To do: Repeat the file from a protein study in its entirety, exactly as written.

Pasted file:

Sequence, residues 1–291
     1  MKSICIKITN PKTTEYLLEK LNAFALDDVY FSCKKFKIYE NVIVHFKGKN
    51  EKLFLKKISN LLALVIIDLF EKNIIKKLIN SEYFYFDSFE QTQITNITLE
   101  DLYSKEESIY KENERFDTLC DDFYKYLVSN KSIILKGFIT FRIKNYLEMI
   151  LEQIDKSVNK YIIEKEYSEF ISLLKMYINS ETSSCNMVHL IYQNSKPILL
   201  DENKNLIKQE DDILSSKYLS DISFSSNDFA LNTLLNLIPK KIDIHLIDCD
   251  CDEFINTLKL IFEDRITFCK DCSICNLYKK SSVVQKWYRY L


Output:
Sequence, residues 1–291
     1  MKSICIKITN PKTTEYLLEK LNAFALDDVY FSCKKFKIYE NVIVHFKGKN
    51  EKLFLKKISN LLALVIIDLF EKNIIKKLIN SEYFYFDSFE QTQITNITLE
   101  DLYSKEESIY KENERFDTLC DDFYKYLVSN KSIILKGFIT FRIKNYLEMI
   151  LEQIDKSVNK YIIEKEYSEF ISLLKMYINS ETSSCNMVHL IYQNSKPILL
   201  DENKNLIKQE DDILSSKYLS DISFSSNDFA LNTLLNLIPK KIDIHLIDCD
   251  CDEFINTLKL IFEDRITFCK DCSICNLYKK SSVVQKWYRY L